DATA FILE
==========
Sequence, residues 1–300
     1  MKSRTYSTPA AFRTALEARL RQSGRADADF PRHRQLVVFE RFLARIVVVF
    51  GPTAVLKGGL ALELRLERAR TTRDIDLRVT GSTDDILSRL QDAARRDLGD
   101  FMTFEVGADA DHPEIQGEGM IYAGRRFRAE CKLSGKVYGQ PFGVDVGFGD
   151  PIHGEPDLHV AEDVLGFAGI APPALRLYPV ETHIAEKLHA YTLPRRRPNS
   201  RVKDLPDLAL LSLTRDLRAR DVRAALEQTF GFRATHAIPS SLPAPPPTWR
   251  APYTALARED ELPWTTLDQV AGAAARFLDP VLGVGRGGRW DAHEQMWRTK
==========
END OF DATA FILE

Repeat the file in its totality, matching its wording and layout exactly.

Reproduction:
Sequence, residues 1–300
     1  MKSRTYSTPA AFRTALEARL RQSGRADADF PRHRQLVVFE RFLARIVVVF
    51  GPTAVLKGGL ALELRLERAR TTRDIDLRVT GSTDDILSRL QDAARRDLGD
   101  FMTFEVGADA DHPEIQGEGM IYAGRRFRAE CKLSGKVYGQ PFGVDVGFGD
   151  PIHGEPDLHV AEDVLGFAGI APPALRLYPV ETHIAEKLHA YTLPRRRPNS
   201  RVKDLPDLAL LSLTRDLRAR DVRAALEQTF GFRATHAIPS SLPAPPPTWR
   251  APYTALARED ELPWTTLDQV AGAAARFLDP VLGVGRGGRW DAHEQMWRTK